Options backdating is simply granting an employee stock options that is dated prior to the date that the company actually granted the option .This generally means that the value of the stock option is set to less than the fair market value thus deceiving shareholders and potential shareholders and dealing out an unfair advantage and profit to certain favored individuals While backdating may not necessarily be illegal it is virtually impossible to backdate options and achieve its ultimate aim of making money without falsifying records and documents hence misleading shareholders and other interested parties , which comes under the clear heading of accounting fraud .Scandals from stock frauds to backdating scandals rule in stock markets and the lure of the lucre really tells in the stock market .
Academic researchers had long been aware of the pattern, exhibited by some companies, of share prices rising dramatically in the days following grants of stock options to senior management.
However, in late 2005 and early 2006, the issue of stock options backdating gained a wider audience.
Whether backdating options by some of its top executives is ethical still remains debatable and there are many gray areas that still need to be dealt with .
However this scandal has had a long term effect on the company and it is still recovering from the blow that it suffered during the investigations and subsequent convictions of its executives .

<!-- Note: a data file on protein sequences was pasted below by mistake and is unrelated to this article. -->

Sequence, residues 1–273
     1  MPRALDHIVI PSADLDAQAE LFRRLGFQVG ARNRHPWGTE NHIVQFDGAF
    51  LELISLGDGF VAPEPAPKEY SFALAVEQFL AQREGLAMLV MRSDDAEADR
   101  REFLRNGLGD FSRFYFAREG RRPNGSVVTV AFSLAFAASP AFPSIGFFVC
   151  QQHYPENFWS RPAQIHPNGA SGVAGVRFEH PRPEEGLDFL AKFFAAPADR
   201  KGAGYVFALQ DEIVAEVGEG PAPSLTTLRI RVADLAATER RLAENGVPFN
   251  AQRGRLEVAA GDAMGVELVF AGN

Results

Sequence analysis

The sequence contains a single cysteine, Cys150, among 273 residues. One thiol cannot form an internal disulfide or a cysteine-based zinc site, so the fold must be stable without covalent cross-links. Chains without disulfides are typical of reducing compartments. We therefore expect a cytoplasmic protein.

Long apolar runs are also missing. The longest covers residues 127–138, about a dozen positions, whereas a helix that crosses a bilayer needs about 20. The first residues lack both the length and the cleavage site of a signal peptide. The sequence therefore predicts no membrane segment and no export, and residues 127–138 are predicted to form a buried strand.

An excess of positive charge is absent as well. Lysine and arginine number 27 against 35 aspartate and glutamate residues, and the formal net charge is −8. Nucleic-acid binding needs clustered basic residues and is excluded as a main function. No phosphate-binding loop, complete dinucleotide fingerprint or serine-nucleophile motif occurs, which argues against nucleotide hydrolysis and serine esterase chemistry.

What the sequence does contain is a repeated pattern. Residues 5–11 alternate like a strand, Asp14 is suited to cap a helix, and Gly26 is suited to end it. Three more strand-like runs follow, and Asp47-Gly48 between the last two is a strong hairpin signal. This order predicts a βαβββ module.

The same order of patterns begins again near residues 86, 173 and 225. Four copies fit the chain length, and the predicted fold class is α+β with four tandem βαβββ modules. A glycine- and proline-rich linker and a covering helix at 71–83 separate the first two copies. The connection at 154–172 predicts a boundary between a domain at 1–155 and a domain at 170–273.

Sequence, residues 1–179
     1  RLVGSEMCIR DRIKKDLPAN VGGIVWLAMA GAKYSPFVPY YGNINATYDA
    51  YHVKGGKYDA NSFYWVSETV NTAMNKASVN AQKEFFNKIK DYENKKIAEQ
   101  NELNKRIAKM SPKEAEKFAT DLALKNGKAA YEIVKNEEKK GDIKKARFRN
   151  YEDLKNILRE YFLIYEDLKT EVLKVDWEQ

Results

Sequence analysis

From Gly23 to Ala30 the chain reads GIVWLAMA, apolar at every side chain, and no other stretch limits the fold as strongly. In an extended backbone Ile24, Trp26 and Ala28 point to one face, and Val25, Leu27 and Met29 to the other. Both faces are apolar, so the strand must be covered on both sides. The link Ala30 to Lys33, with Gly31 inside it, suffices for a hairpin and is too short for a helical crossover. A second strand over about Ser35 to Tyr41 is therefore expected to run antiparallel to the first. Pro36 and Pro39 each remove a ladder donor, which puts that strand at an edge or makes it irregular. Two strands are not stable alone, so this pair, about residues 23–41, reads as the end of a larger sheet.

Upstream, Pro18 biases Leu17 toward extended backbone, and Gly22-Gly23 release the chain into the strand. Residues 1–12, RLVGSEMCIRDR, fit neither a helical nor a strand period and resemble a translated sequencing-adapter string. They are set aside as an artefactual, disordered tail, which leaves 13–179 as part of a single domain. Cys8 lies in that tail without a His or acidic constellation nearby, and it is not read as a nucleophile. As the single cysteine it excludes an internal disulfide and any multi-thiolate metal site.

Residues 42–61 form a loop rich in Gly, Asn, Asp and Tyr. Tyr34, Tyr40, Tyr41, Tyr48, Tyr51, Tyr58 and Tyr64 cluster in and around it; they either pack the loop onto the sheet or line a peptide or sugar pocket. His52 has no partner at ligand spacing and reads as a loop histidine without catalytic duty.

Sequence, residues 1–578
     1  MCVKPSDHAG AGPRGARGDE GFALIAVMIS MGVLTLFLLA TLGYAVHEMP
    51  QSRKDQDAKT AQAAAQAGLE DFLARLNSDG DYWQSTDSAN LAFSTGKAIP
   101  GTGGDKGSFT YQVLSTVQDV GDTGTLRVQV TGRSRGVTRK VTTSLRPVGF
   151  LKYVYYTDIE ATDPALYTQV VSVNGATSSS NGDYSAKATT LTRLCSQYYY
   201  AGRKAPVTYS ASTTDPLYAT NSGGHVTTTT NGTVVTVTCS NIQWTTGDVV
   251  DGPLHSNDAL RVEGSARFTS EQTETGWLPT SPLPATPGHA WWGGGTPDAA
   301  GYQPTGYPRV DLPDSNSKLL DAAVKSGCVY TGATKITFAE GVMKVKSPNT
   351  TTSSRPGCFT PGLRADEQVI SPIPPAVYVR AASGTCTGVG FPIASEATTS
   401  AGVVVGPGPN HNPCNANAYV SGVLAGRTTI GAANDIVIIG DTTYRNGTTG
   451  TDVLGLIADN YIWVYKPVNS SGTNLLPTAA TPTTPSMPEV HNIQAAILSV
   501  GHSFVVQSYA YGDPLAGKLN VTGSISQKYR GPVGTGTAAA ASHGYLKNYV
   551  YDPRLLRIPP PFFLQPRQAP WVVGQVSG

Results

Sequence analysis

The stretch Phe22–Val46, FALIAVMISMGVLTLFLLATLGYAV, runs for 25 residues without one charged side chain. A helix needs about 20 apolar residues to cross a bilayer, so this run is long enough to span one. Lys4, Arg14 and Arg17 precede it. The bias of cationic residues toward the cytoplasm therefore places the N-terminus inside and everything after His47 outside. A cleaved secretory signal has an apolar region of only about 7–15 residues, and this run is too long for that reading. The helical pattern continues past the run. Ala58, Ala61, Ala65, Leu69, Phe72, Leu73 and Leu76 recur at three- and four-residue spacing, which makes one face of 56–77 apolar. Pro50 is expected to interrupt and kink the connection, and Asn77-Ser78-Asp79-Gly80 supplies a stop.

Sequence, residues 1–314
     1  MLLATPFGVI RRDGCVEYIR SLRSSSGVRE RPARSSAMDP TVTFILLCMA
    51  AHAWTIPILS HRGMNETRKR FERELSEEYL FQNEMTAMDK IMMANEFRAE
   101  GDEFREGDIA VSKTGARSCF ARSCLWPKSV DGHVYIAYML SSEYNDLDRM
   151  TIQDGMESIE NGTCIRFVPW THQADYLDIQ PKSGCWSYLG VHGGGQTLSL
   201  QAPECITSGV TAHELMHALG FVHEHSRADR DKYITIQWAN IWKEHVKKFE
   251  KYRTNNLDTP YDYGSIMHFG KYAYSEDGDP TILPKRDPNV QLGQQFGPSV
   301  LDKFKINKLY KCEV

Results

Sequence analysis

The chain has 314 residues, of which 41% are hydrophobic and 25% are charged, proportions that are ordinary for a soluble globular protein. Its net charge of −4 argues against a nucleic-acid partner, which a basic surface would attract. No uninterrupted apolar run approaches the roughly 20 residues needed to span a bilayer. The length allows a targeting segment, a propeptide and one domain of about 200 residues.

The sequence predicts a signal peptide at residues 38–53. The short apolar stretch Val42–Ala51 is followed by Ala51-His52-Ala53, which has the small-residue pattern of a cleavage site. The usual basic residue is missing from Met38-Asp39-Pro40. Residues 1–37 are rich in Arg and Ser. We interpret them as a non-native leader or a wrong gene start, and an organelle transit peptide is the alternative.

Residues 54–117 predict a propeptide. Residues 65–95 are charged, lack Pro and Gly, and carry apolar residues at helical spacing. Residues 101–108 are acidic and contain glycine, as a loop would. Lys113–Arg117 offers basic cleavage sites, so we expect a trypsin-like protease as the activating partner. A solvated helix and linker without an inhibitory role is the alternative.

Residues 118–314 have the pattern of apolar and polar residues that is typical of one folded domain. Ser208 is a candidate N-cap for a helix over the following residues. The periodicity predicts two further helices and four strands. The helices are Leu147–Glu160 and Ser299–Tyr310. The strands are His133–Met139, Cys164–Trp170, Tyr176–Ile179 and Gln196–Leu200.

Additionally, companies can use backdating to produce greater executive incomes without having to report higher expenses to their shareholders, which can lower company earnings and/or cause the company to fall short of earnings predictions and public expectations.
Corporations, however, have defended the practice of stock option backdating with their legal right to issue options that are already in the money as they see fit, as well as the frequent occurrence in which a lengthy approval process is required.
The SEC’s opinions regarding backdating and fraud were primarily due to the various tax rules that apply when issuing “in the money” stock options vs.
the much different – and more financially beneficial – tax rules that apply when issuing “at the money” or "out of the money" stock options.
In 1994, a new tax code (162 M) provision declared all executive income levels over one million dollars to be “unreasonable” in order to increase taxes on all applicable salaries by removing them from their previous tax deductible status 4.